Bipolar disorder is a serious mental health condition in which episodes of mania - an abnormally elevated mood often accompanied by feelings of euphoria - are interspersed with bouts of depression.
People with bipolar disorder generally need to be treated with mood stabilizers and other medications. But maintaining a healthy lifestyle is also important. Eating right, sticking to a regular sleep schedule, and other healthy habits can help people with bipolar disorder manage their condition
- Take your meds - Take your medication every day as prescribed by your doctor. In all, 1 in 3 people will remain completely free of symptoms of bipolar disorder by taking mood-stabilizing medicine, such as carbamazepine or lithium, for life.
- Exercise daily - Moderate physical activity for 30 minutes a day can help control mood swings.
- Eat a balanced diet - Make sure you are getting all the nutrients you need. Eating meals at regular times will help establish a stress-reducing daily routine.
- Avoid traveling into other time zones - If you are planning to travel extensively, you may want to call your doctor before you leave. Traveling into other time zones can disrupt your medication schedule and trigger a manic episode.
- Get the same number of hours of sleep every night - Changes in your sleep patterns can sometimes trigger a manic or depressive episode. Try your best to keep the same bedtime and rise time, varying them by no more than an hour.
- Avoid alcohol and illegal drugs - Even one drink can disrupt your sleep, change your mood, or interfere with your medicines, which can make symptom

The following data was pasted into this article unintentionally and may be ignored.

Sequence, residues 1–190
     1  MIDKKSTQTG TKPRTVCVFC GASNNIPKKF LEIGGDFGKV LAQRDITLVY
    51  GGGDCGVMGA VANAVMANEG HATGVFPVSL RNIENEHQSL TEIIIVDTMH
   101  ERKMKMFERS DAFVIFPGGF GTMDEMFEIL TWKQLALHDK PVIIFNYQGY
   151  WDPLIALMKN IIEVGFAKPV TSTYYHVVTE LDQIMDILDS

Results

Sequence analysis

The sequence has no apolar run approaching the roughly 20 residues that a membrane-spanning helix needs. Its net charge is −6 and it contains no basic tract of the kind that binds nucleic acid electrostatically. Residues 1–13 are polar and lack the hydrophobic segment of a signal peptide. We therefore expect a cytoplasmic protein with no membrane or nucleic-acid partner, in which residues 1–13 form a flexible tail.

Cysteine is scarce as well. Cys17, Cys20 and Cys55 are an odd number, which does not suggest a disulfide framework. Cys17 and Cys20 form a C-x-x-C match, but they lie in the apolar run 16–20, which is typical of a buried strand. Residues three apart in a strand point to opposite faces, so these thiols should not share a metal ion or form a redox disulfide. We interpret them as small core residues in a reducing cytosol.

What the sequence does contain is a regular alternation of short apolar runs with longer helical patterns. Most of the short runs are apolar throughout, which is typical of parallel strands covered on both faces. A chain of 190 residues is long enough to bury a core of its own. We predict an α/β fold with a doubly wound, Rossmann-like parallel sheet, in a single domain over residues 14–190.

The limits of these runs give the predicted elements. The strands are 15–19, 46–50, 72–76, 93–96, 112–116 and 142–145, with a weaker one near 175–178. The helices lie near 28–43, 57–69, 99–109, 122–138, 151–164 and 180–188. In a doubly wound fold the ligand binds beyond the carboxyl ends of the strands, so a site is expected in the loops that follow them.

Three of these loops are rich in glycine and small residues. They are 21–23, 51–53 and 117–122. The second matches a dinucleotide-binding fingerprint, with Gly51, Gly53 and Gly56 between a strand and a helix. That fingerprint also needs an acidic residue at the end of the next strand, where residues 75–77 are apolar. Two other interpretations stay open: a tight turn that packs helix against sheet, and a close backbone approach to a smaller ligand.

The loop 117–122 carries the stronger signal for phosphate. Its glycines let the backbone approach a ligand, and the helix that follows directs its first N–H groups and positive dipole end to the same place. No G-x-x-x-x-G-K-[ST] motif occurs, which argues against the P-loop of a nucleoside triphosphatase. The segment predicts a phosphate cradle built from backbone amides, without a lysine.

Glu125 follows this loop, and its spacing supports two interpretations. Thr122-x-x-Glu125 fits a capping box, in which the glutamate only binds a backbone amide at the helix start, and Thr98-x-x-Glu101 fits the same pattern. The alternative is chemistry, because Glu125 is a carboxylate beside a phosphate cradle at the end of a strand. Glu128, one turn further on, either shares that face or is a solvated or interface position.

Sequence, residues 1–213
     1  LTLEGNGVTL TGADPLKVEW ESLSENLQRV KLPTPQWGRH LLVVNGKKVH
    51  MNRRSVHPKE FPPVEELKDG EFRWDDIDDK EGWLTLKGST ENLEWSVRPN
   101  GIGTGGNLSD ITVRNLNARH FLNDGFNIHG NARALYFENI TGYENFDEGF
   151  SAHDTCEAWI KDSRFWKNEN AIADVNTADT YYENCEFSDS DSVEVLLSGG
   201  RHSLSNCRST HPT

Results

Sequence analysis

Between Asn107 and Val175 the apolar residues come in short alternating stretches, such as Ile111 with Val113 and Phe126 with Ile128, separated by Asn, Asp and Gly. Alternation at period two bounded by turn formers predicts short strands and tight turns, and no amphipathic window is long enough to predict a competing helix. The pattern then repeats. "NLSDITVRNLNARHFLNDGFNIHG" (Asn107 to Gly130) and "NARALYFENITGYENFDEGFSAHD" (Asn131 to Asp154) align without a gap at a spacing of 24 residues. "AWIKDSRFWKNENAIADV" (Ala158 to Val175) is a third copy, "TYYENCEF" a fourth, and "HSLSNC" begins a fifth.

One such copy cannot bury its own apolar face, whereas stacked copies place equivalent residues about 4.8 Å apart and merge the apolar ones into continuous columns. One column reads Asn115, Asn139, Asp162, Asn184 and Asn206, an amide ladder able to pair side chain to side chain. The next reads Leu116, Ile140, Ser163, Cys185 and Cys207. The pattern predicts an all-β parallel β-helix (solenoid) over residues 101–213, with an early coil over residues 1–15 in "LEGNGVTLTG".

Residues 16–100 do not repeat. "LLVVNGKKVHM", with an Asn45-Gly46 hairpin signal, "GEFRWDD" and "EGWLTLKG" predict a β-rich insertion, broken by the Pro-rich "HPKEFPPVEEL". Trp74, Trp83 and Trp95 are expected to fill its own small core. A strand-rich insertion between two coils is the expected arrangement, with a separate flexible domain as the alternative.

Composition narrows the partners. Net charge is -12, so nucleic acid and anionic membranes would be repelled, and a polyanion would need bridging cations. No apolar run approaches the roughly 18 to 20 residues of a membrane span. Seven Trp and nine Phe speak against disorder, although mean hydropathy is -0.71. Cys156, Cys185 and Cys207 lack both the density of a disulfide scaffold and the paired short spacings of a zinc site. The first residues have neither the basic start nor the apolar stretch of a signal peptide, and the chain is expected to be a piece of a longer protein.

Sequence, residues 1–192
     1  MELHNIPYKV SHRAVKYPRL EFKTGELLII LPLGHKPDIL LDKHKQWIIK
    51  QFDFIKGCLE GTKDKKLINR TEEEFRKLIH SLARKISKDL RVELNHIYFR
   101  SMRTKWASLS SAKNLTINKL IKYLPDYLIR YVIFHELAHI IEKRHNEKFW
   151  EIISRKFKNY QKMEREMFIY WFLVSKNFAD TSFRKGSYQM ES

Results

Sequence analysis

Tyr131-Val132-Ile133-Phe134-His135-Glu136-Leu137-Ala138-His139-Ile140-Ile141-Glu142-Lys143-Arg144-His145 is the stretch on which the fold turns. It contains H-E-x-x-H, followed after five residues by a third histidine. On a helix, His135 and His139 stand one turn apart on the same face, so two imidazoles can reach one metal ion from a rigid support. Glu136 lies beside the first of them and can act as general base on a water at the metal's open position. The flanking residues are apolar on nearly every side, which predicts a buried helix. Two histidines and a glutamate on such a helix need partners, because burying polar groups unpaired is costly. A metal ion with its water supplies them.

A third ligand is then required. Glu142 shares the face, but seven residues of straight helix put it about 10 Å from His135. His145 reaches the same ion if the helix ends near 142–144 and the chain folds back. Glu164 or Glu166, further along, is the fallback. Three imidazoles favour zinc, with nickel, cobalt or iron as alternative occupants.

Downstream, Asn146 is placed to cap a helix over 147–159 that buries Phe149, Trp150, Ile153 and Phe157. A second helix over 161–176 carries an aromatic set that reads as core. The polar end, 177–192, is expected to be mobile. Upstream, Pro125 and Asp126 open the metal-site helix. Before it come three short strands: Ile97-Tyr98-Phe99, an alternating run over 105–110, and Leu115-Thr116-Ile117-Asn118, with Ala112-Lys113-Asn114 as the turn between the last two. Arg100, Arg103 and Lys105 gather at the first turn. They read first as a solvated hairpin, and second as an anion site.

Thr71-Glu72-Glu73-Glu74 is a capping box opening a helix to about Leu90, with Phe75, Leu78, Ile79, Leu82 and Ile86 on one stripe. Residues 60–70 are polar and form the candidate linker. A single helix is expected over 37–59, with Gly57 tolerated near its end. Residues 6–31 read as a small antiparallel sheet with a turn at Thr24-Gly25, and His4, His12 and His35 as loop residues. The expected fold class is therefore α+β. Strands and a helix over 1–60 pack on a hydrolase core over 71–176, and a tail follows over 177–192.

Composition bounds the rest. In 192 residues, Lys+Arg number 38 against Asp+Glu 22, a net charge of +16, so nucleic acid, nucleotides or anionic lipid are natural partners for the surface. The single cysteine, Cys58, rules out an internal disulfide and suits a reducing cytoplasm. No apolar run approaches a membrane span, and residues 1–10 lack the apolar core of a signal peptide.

- Reduce stress at work and at home - Try to keep regular hours at work so stress won't trigger a manic or depressive episode. If stress at work or at home is a problem, counseling may help.
- Limit caffeine and nicotine during manic episodes - Caffeine and nicotine can both act as stimulants, which can make symptoms worse. Plus, too much caffeine can change your sleeping habits.
- Seek treatment immediately
Getting treatment immediately will help you to proactively manage symptoms of a depressive or manic episode and avoid disruptions to your life. Often you don't notice early signs or symptoms, so take the time to educate whoever is closest to you what signs and symptoms to look for. They can alert you when they see a change that suggests the beginning of a mood episode. Show them you welcome such feedback, and be sure to take it seriously if you get it